how it works, about which they still have plenty to learn.

To smash atoms requires: 1) a projectile of the same size range as
the atom; 2) a means of imparting high speed to the projectile; 3)
a target containing the atoms to be smashed (a platinum screen, a
tungsten wire, a pinch of phosphorus) which can be placed in the
path of the bullets; 4) a means of identifying the wreckage, so
that the investigator may find out what has happened. A common
atomic projectile is the nucleus of hydrogen, the proton. Protons
are prepared by stripping the electrons from ordinary hydrogen gas
by means of an ionizing electrical current.

These ionized particles are allowed to flow into an atom-smashing
machine, of one kind or another, in which electrical impulses pick
them up and hurl them at a target. A few protons score hits,
splitting a nucleus into two or more fragments. The projectile
itself may combine with a fragment or fragments to form a new
substance. Or it may lodge in the nucleus, creating an overweight,
unstable body which begins to give off particles and gamma rays.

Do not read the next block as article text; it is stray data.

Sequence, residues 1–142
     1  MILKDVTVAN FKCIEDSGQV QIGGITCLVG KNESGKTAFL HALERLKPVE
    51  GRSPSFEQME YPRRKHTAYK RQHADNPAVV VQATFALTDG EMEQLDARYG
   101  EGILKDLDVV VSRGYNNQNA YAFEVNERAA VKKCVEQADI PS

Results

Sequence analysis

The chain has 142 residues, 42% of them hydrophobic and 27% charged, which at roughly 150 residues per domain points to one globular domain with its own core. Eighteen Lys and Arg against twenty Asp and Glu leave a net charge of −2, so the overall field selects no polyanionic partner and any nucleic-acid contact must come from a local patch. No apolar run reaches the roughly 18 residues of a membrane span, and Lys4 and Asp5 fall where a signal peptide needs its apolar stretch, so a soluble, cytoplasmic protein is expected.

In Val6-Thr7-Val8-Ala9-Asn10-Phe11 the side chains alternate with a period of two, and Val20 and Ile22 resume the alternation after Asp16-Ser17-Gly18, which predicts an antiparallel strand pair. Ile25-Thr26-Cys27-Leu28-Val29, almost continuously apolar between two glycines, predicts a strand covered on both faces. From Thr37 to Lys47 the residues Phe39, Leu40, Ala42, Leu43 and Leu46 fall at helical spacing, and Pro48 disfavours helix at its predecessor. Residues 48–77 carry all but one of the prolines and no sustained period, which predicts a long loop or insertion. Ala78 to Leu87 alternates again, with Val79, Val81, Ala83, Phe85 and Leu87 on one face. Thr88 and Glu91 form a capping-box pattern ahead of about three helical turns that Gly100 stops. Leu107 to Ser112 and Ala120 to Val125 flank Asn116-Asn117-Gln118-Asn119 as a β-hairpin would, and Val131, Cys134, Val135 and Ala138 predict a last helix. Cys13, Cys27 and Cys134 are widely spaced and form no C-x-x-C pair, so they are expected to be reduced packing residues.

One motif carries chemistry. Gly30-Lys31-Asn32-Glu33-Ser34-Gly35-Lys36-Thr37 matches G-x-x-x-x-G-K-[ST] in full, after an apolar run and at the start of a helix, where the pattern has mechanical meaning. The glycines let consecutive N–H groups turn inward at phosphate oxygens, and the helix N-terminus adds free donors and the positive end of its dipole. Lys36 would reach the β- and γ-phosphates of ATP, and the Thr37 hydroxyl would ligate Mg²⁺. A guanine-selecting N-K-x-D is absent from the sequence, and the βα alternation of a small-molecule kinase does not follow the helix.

This is called artificial radioactivity.

Best device for studying the debris is the "cloud chamber" which
won a Nobel Prize for its inventor, **C. T. R. Wilson** of England. If
this is placed next to the target, some fragments of the
disintegrated atoms fly into it. The chamber contains water vapor
which condenses on the trail of the fragments as droplets of fog
which can be photographed. From the thickness of the fog path and
its curvature in a magnetic field, much can be told about the mass
and speed of the fragments and their electric charges.

In the pioneer days of atom-smashing, projectiles energized by
Nature were used: the particles which spontaneously fly out of
radioactive substances (radium, polonium, thorium, et al.) at
enormous speed. This was the method which Lord Rutherford used for
the first demonstrable nuclear disintegrations in 1919.
Physicists, however, are as firmly convinced as militarists of the
virtues of mechanization. Dr. Lawrence calculates that his
cyclotron, operating at 5,500,000 volts, produces as many
particles as would emanate from two pounds of radium-which is more
radium than exists in the world.

Machines. Atom-smashing machines, most spectacular exhibits of
laboratory science, have one feature in common: they must be huge
in order to build up and handle the tremendous particle energies
which they require for their work. In general they are of three
kinds. The first, developed both in England and the U. S.., builds